Continued on post iOS Vector and Matrix Math: Part 2.

For the past week or two I’ve been trying to reproduce the water effect of PixelJunk Shooter on the iPhone, however I seem to have reached a bottleneck with the collision detection used for repulsion when compressing.

I tried changing from Length to Length Squared, to Manhattan Distance, but it still grinded my framerate to 1FPS.

I decided to see if the Accelerate Framework in the iOS SDK had the vector math added to it yet, and to my surprise it had. It may have been added a while ago and I missed it. So I began to replace my math functions with the vector ones.

The strides are for the single precision functions are the number of floats. So for a stride of 8 bytes, you need to use 2.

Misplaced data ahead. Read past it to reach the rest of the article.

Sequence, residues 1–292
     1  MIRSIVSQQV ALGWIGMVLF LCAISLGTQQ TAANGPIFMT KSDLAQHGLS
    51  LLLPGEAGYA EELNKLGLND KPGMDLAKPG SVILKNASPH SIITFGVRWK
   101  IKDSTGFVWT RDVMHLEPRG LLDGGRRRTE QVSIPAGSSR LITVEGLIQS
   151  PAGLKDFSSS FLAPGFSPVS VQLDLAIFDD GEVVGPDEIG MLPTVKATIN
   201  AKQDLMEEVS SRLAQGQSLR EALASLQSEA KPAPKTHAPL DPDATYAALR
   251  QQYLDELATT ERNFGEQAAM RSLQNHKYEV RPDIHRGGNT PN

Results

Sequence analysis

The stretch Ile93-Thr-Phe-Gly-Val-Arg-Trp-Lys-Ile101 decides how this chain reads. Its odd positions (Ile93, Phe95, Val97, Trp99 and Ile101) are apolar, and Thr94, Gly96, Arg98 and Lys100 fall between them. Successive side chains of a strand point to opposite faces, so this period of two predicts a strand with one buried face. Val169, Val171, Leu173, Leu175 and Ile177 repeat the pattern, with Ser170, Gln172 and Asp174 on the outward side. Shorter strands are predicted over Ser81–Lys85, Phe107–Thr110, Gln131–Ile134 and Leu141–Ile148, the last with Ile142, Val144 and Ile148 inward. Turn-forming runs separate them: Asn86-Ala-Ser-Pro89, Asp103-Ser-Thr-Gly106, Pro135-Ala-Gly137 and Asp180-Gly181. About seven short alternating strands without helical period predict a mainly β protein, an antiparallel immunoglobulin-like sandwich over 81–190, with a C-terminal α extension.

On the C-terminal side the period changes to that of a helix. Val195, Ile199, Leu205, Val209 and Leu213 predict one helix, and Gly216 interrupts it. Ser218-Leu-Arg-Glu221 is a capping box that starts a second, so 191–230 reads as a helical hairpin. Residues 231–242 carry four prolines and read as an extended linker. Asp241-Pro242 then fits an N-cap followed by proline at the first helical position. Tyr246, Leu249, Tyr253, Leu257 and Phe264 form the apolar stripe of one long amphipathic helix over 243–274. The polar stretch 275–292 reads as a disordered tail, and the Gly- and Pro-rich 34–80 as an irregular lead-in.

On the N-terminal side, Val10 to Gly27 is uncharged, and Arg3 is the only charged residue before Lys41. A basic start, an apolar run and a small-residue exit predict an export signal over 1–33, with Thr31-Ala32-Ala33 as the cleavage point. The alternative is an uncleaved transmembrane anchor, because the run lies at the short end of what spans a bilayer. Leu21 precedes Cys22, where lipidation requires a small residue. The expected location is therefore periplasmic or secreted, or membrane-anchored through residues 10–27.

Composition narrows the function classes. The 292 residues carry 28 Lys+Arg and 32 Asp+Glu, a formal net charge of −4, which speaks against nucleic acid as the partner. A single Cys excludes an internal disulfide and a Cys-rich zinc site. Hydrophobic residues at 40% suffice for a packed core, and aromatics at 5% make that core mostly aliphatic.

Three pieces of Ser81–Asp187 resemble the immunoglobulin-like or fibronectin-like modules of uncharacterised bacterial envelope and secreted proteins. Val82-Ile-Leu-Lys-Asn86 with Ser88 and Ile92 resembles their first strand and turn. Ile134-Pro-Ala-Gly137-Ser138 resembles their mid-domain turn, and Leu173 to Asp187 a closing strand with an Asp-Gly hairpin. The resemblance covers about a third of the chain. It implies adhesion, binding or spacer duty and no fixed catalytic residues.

```
float vec[2];
vDSP_vclr( &vec[0], 1, 2 );
```

This function sets the contents of a vector to zero. The equivalent function would be this

```
void vDSP_vclr( float * inVec, const int inStride, const unsigned int inCount )
{
for( unsigned int idx = 0; idx < inCount; ++idx )
{
*inVec = 0.0f;
inVec += inStride;
}
}
```

I haven’t used the double precision version of the vector library yet so I don’t know if the stride is the count of doubles, or of floats.

I have managed to go from 17 FPS for 650 particles to 30 FPS (I originally had it at 300 particles at 30FPS but it turned out I was profiling in debug). A definite improvement from using the Accelerate library functions for 2d vector math. One of my main issues for getting 1FPS originally was I was island producer was hit testing each particle with itself so it always had the maximum number of particles on each island.

The next couple of pages on this post cover some of the functions (vector and matrix) and their equivalent C++ function.